• The nature of work has changed dramatically over the past 40 years. Traditional work patterns have become less delineated in the face of big compositional shifts in who works and the definition and structure of modern jobs. Worker power has fallen in the light of rapid union decline and increased employer power in pay determination.
  • Two related significant shifts have been the rise in solo self-employment and the emergence of new informality via the gig economy. These have radically changed the jobs landscape and the way people work. In addition, the share of the lowest-earning quintile who are self-employed has increased by 54%, or 8 percentage points, from 15% to 23%, between 1999 and 2019.
  • Higher earnings inequality, with low real earnings growth, and a very different labour market from 40 years ago have placed the world of work in a much more unequal and divisive place. To halt or reverse this trend requires significant attention be devoted to ways to restore and reinvigorate real earnings growth and to generate decent jobs with good career opportunities in an inclusive way.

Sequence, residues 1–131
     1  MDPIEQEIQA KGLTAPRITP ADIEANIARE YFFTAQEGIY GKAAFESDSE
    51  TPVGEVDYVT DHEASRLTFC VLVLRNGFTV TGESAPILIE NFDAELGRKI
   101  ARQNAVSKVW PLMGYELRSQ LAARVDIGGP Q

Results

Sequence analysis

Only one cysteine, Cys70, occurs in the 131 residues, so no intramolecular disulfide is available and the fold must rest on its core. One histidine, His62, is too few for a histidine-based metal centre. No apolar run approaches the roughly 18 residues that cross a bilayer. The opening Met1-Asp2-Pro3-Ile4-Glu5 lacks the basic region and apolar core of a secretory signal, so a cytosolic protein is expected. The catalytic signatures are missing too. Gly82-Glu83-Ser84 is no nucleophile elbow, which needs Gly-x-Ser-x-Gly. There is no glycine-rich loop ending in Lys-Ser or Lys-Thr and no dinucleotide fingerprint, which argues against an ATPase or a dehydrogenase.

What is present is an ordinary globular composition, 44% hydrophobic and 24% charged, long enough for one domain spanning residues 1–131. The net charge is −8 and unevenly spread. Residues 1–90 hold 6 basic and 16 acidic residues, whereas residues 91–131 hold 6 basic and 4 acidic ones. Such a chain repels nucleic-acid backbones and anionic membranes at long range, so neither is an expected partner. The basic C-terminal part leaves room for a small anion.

The conclusion to these findings can be put more simply – but there are other complexities. The reality is that generally speaking, wage inequality has risen significantly. Couple that with rising house prices, along with institutional costs such as university fees, privatisation of utilities and other basic services – and you end up with a much more divided society.

In reality, corporate profits have risen significantly over the last 40 years – effectively taking the purchasing power away from its workers. Steeply rising profits, economic growth and stock market highs – coupled with near-stagnant wages – has been the story of the British economy for decades. In other words, most economic gains have gone to the top – and not as promised – trickled down.

These findings by the IFS tell us that all the gains made in combating inequality are being lost and the greater that loss the more divided society becomes.


*Research findings by the IFS by Giupponi, G., Machin, S. (2022), ‘Labour market inequality ’, IFS Deaton Review of Inequalities: https://ifs.org.uk/inequality/labour-market-inequality/